The whole c-section thing is a complete misunderstanding of what has happened. Breeds have not changed to meet the c-section; the c-section has changed. It’s now much, much safer and easier than it ever was before, so it is widely used as a default. Cardigans certainly don’t have a crazy heavy head and body, but a TON of breeders are sectioning every bitch. It’s a change in attitude, where breeders are no longer willing to accept any puppy deaths, and also because so few vets know how to manage a bitch in labor. If there’s a real crisis in the veterinary management of breeding over the last 20 years, it’s the fact that so many vets no longer have any clue about breeding. The stuff that I’ve seen done to my own bitches, the stories I’ve heard from others… we have a vet right now who is a breeder herself, and whenever we’ve considered moving to a lower cost of living area one of the main things that stops me is that I don’t want to be more than 30 minutes from my vet!

      If you look at the Bulldogs from the Morris and Essex show, the heads and shoulders are huge; if anything, they’re bigger (especially in the shoulder) than they would be today. Bulldogs CAN free-whelp. But they have very small litters and lots of things can go wrong during the labor, so (as with most breeds where the litter size is very small) it has become normal to section them so every puppy lives.

      The artificial insemination line is also a critical misunderstanding of what is actually happening. EVERY breed is now being bred via AI; there are many breeders who don’t do ANY natural breeding anymore. They collect the male and inseminate the female as she stands there. It’s done to prevent the transmission of disease, to avoid injury (my boy Mitch was injured during a natural breeding, so I know this happens), and to make sure the breeding takes place. So, yes, the smaller/larger/heavier breeds are now virtually always bred by AI by everybody, whereas the middle-range breeds are AId when the boy can’t get the job done or the breeder prefers it, but it’s an across-the-board CHOICE by breeders, not something that’s been mandated by the shape of the dogs’ bodies. Bulldogs, Frenchies, etc. – they can all get tab A into slot B, and they will tie and breed on their own if allowed. But almost nobody allows it anymore.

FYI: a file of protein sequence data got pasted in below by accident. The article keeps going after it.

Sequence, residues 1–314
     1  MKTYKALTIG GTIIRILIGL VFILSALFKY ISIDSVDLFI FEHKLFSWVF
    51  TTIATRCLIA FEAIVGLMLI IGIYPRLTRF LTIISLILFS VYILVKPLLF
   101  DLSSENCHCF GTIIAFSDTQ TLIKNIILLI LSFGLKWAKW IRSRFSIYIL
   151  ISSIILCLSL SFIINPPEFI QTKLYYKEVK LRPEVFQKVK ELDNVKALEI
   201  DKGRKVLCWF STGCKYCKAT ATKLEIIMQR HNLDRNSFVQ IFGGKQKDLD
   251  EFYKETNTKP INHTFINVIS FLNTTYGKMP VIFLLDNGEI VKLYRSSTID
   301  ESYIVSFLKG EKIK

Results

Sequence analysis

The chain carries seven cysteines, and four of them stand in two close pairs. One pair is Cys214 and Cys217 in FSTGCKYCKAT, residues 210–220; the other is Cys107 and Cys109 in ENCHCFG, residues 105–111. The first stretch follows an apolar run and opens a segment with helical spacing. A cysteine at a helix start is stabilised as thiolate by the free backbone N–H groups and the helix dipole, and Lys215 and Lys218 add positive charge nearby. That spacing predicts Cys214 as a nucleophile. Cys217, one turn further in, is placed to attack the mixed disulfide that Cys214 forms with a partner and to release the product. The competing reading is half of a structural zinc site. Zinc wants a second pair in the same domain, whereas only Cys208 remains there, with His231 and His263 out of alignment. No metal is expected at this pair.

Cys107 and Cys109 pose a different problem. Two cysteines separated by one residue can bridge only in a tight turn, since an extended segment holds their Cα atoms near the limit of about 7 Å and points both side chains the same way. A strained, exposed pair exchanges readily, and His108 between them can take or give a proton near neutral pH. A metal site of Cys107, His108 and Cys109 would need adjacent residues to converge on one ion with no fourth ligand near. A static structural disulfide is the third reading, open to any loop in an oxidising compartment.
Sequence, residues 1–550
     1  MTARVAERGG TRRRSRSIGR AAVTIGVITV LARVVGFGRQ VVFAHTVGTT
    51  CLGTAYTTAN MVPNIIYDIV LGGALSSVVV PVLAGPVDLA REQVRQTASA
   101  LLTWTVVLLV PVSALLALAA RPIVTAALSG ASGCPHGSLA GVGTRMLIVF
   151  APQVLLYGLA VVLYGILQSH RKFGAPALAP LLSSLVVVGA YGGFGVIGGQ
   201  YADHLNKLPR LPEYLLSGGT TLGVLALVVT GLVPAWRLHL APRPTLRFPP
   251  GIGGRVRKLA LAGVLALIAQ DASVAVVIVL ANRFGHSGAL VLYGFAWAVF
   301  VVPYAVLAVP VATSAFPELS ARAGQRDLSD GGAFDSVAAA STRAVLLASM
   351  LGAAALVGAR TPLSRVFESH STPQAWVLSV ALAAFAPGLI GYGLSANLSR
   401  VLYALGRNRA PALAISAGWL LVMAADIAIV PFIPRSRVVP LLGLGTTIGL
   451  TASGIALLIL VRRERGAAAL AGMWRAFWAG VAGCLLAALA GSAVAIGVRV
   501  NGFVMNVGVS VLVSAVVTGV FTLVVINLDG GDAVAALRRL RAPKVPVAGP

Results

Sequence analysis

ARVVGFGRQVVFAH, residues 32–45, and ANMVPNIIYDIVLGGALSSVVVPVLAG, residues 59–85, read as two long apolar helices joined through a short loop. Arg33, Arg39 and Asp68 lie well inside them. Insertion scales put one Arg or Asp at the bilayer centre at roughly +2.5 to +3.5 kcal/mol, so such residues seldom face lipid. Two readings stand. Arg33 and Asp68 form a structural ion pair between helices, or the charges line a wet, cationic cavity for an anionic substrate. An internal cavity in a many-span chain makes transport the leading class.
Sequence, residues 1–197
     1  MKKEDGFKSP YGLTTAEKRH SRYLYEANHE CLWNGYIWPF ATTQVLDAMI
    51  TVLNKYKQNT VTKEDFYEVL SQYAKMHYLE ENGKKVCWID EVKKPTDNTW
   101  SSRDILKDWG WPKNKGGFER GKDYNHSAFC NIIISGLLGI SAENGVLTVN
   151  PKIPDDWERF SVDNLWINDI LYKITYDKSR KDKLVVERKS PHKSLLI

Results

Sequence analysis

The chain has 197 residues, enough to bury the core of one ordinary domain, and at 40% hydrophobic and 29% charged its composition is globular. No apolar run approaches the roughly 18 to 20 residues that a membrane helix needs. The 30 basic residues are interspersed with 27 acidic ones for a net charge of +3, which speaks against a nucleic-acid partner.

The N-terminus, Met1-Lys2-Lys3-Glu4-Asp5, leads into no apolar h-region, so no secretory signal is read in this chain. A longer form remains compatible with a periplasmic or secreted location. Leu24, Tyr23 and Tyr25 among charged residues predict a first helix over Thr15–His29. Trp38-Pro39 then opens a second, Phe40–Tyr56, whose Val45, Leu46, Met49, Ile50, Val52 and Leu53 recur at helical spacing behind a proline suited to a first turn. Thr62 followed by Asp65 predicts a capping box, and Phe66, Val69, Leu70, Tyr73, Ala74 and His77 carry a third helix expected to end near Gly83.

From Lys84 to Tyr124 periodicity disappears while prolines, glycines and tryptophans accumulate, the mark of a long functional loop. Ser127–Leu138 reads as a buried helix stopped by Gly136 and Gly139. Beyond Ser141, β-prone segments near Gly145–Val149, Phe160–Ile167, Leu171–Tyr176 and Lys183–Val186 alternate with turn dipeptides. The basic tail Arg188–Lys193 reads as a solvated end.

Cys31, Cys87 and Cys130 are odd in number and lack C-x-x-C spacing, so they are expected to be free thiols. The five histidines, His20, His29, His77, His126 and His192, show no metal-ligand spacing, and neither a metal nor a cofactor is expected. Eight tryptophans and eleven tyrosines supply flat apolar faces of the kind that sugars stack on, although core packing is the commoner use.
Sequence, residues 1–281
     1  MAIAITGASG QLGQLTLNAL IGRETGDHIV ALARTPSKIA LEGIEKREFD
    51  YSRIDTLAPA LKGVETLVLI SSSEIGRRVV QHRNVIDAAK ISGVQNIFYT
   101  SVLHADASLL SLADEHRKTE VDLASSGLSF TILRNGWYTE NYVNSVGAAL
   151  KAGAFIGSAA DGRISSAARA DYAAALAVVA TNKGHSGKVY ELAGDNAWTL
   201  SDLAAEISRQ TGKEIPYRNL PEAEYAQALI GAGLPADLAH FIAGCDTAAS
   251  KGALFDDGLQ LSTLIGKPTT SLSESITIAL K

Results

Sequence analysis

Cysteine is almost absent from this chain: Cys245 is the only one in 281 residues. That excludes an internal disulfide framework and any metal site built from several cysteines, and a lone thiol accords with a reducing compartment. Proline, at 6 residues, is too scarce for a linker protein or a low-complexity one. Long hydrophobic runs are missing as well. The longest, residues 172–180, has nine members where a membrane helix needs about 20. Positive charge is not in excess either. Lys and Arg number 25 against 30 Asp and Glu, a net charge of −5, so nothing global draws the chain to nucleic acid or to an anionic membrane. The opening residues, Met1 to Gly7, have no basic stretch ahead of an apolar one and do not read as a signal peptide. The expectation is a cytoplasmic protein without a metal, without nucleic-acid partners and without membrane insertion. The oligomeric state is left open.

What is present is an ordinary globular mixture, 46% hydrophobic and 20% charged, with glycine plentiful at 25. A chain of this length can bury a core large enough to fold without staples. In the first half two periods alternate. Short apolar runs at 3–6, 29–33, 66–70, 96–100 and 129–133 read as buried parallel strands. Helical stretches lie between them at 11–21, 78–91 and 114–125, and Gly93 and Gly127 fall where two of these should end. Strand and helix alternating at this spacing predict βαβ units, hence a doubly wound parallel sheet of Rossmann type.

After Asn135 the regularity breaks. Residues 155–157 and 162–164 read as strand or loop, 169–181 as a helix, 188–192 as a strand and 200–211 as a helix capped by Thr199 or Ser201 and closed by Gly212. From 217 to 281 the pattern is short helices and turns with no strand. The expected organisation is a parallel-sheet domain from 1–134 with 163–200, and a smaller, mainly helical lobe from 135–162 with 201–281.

The Pedigree Dogs Exposed furor was so huge for a bunch of reasons: the British attitude about dogs (they are not only incredible dog lovers, they developed tons of breeds and remain the repository of some of the best genetics on earth), the much smaller population size there (it’s a nation the size of New Jersey, with – if I am remembering correctly – 1/15 the number of dogs we have in the US) the fact that the ownership patterns in Europe are very different than they are over here (there are several countries where there literally are almost no mixed-breed dogs and almost every single dog in the country is a registered purebred), the power of Crufts, etc. It became such a huge international deal (in the dog world) because the KC responded to the program by changing the code of ethics that every breeder must follow and by changing (sometimes radically) a whole bunch of standards. It did this without consulting the parent breeds and it made some appalling errors that showed that whoever was writing it didn’t understand the breed in question at ALL. For example, they had to go back in and re-write the Peke standard three days after releasing the “new” one because they had forgotten to mention the fact that the dog was supposed to have a TAIL.

      Nobody knows whether the standard changes will in fact change the shape of the breeds over there; whether the Peke will turn into a Tibetan Spaniel (which is basically what the new standard mandates) or whether judges will continue to reward the classical type. I suppose five or ten years will tell the tale. If it DOES change the breeds, it will have the very unfortunate effect of changing the UK from one of the most exported-from countries (which allows their dogs to enlarge gene pools all over the world) to one that breeds dogs in complete isolation. Nobody will want the “new” UK type and they won’t be able to use international bloodlines either. So inbreeding will become worse than it already is. The law of unintended consequences is very real.